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Quince, secret fruit of fall

3 November 2017 13:52 (UTC+04:00)
Quince, secret fruit of fall

By Aygul Salmanova

One of the delicious and edible gifts of the Azerbaijani nature is aromatic quince, which is cultivated in most regions of the country.

Early October is the time for quince yields in Azerbaijan’s Kurdamir region, famous for its sweet and full-flavored quinces.

Kurdamir, the region with favorable conditions for the cultivation of these plentiful and healthy yields, has already started quince harvesting. In the current season, 2,000 tons of crops are expected to be collected from the gardens of the region.

Last year 1,890 tons of quince was cropped in the region, while this year the production is expected to increase by 200 tonnes.

The cultivation area of quince in the region is increasing year by year and now it has reached 130 hectares, according to the Executive Power of the region.

Farmers in different villages of the region, in particular Yenikend, Atakishili, Khirdapay, Gagajili, Topal Hasanli, Deyirmanli, Murtuli, are engaged in cultivation of this fruit. Various sorts of quince such as "Majidemi", "Bahram", "Cardam", "Kamil", "Pak", "Armudu", "Ili", "Almaly", "Bardaq" and others are grown by the villagers of Kurdamir.

The fruits are sent to both local and foreign markets due to an increasing demand for the fruit abroad. The Entrepreneurs of the region are now planning to export quince to Russian markets, which is one of the biggest importers of Azerbaijani fruits.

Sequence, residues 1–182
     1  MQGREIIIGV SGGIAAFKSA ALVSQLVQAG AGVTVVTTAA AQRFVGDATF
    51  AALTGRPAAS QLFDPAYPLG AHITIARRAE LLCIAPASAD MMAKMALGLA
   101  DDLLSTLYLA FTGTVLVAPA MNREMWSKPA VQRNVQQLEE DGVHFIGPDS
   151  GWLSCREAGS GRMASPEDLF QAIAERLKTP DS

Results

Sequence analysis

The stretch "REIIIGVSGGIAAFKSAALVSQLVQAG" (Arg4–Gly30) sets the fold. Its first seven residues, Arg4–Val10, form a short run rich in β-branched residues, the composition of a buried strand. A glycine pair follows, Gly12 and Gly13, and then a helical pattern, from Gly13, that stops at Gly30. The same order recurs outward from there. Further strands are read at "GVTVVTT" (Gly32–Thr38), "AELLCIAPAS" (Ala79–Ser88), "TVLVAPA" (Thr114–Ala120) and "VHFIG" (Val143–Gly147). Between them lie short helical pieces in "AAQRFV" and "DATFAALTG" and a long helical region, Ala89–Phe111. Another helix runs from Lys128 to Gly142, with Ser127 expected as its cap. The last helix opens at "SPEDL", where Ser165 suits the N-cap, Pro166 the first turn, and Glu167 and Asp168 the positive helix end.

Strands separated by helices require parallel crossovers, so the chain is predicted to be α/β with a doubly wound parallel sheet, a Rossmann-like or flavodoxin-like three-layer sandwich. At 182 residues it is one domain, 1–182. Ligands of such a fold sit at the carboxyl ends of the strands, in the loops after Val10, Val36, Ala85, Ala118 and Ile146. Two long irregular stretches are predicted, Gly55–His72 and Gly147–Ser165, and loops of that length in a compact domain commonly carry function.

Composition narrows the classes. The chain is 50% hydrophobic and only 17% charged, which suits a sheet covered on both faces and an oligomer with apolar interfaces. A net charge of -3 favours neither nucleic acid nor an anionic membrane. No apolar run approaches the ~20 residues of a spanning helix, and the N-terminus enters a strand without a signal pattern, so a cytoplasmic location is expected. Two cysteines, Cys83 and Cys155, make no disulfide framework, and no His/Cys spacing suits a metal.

Quince is a tough fruit, not well known in foreign countries, and often hard to come by. But it has the most amazing sweet and secret reward. Quince grows almost all over the world, but it is in the Caucasus, people have special relationship with this bright yellow fruit. A fragrant fruit is used here in a variety of recipes and for medical purposes.

Azerbaijani housewives prepare jam from quince, which also have medicinal properties, for example, for inflammatory diseases of the intestine. Quince is best suited for dietary nutrition - the pastille cooked from it, will replace marmalade and chocolate for sweet tooth.

Women tend to fall in love with quinces as they are low calorie – 100 g fresh raw fruit has only some 57 calories. Meanwhile, quince pulp along with its peel holds good amounts of dietary fiber.

What quince hides something special is its aroma. If you leave a quince on a sunny windowsill it will slowly release a delicate fragrance of vanilla, citrus, and apple into your kitchen. It's a heady, perfumed scent that is completely at odds with its appearance.

It also has several vital poly-phenolic antioxidants, higher concentration than apples and pears. The fruit is rich with vitamin-C, which boosts immunity and helps cure viral diseases and inflammatory conditions that are usual in autumn.

Quince is a good source of minerals such as copper, iron, potassium, and magnesium as well as B-complex vitamins such as thiamin, riboflavin, and vitamin B-6.

Extraction of the fruit and its seeds are used in the treatment of cystitis, atopic dermatitis, and recommended as a safe alternative for allergy sufferers.

Some prefer to eat quince raw, others find it extremely sour and astringent. One way or another, its shelf-life is quite long and can be used in the form of preserve and compotes in winter. Cooking destroys astringent of the fruit but retains its fragrant rich essential oils.

Quinces are extremely easy to prepare, just wash the fruit in cold water, cut in quarters, remove central core and seeds and add it to the dish.

The fruit pulp can be used in seafood, poultry, and lamb preparations as a flavoring base, as well as in confectionaries.


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